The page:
Thursday's Closing Grain and Livestock Futures Prices
Jul. corn closed at $4.50 and 1/2, up 9 cents
Jul. soybeans closed at $14.20 and 3/4, up 11 and 3/4 cents
Jul. soybean meal closed at $451.20, down $2.00
Jul. soybean oil closed at 40.61, up 48 points
Jul. wheat closed at $5.93 and 1/2, up 6 and 1/2 cents
Jun. live cattle closed at $148.00, up $2.10
Jul. lean hogs closed at $128.05, up $2.62
Jul. crude oil closed at $106.43, up 46 cents
Jul. cotton closed at 88.36, down 279 points
Jul. Class III milk closed at $21.61, down 10 cents
Jun. gold closed at $1,313.70, up $41.30
Dow Jones Industrial Average: 16,921.46, up 14.84 points
For additional Futures prices and charts click http://www.farms.com/markets
Agri Markets News Review
Soybeans were higher on short covering and technical buying. Weekly export numbers were bullish again this week and old crop sales have passed USDA’s mark for the entire marketing year. Crop weather around much of the Midwest does look good, but there are increasing concerns about wet conditions in northern areas of the region. Soybean meal was mixed on the unwinding of spreads and oil was up on spillover from beans.
Corn was higher on short covering and technical buying. Weekly export numbers were at least a little supportive with solid sales and neutral shipments. Past that – the trade’s watching the weather and squaring up for the June 30th USDA acreage and stocks reports. Ethanol was steady to lower.
The wheat complex was mixed. Chicago was up on short covering and talk of new demand from Brazil, while Kansas City and Minneapolis were mostly weak in consolidation trade. Traders are looking at more winter harvest delays and quality concerns. Weekly export numbers were bullish, but it’s very early in the marketing year and the world fundamentals continue to look bearish. Strategie Grains projects world wheat production at 139.4 million tons.
USDA Mandatory reported cattle trading was moderate in Kansas on Thursday afternoon on good demand. Compared to last week, lives sales are 2.00 higher at 150.00. Trading was light to moderate Nebraska with live sales steady with last week at 150.00, dressed sales were unevenly steady at 237.00. Trading was light in Colorado with a few sales at 150.00. Iowa cattle traded at 148.00 to 149.00 live and 238.00 dressed. The kill was estimated at 115,000 head, 1,000 less than last week, and 9,000 below last year.
Boxed beef cutout values were higher on moderate demand and light to moderate offerings. Choice beef was up .92 at 240.46, select was 1.04 higher at 233.09.
Live cattle contracts on the Chicago Mercantile Exchange settled 110 to 245 points higher as the futures quickly responded to the swift and decisive way feeder cattle futures reacted to the sharp losses on Wednesday. Although most had expected continued support into the market, the aggressiveness of the price surge continued to draw commercial and investment traders back into the complex. June settled 2.10 higher at 148.00 and August was up 2.45 at 147.47.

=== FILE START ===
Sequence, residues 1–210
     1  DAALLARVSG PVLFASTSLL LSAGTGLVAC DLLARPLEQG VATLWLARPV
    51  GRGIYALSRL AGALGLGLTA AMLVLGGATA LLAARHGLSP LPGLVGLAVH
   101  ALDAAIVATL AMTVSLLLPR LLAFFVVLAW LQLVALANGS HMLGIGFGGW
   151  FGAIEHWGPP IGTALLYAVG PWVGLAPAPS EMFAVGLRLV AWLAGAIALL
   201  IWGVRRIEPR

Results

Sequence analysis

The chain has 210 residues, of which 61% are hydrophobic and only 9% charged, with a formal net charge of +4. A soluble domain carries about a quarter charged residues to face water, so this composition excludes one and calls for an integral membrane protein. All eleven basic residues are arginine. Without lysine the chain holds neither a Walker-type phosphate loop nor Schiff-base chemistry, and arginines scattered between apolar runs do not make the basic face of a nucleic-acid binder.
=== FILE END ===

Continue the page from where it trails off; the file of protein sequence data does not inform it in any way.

Feeder cattle ended the session 200 to 300 points higher. The bearishness of the limit down trade on Wednesday was short lived as aggressive buyer support quickly returned to the market, pushing prices at or near the daily trading limit of 3.00 higher. Traders once again focused on tight supply levels and are also starting to adjust positions ahead of the expected bullish cattle on feed report due out on Friday. August feeder settled at 207.55 up 2.10 and September was 3.00 higher at 208.57.
Feeder cattle receipts at the Hub City Livestock Auction at Aberdeen, South Dakota totaled 3414 head. Compared to last week, steers 900 to 950 pounds sold 4.00 to 5.00 higher, other weight classes of steers not well tested last week but selling with a higher undertone on Wednesday. Heifers were not well tested for a comparison. Good to very good demand for the offering. Feeder steers medium and large 1 averaging 976 pounds brought 187.47 per hundredweight. 901 pound replacement heifers traded at an average of 181.00.
Lean hogs settled 50 to 275 points higher as traders aggressively flooded back into the market with prices over 2.00 higher in all nearby c0ntracts. The shifting momentum continues to be the biggest driver in the overall complex with traders looking for additional fundamental market information, but are content trying to keep up with the latest round of roller-coaster type price shifts. July up 2.62 at 128.05 and August was 2.47 higher at 129.75.
Barrows and gilts in the Iowa/Minnesota direct trade closed .67 higher at119.83 on a carcass basis, the West was up .62 at 119.59, and the East was .57 higher at 116.64. Missouri direct base carcass meat price was steady to 4.00 higher from 110.00 to 111.00. Barrows and gilts in the Midwest were steady to 1.00 higher from 77.00 to 84.00.
The pork carcass cutout value FOB plant is 1.93 higher at 128.10, with bellies, ribs and loins responsible for most of the gain.
Short-term hog supplies continue to remain tight which is creating the need for packers to regularly and systematically combine lower slaughter numbers and higher cash prices in order to supply the markets current needs. Higher cash spending is expected to be seen through the end of the week although weekend slaughter plans are expected to remain minimal.
The hog kill was estimated at 371,000 head, 40,000 less than last week, and down 28,000 from last year.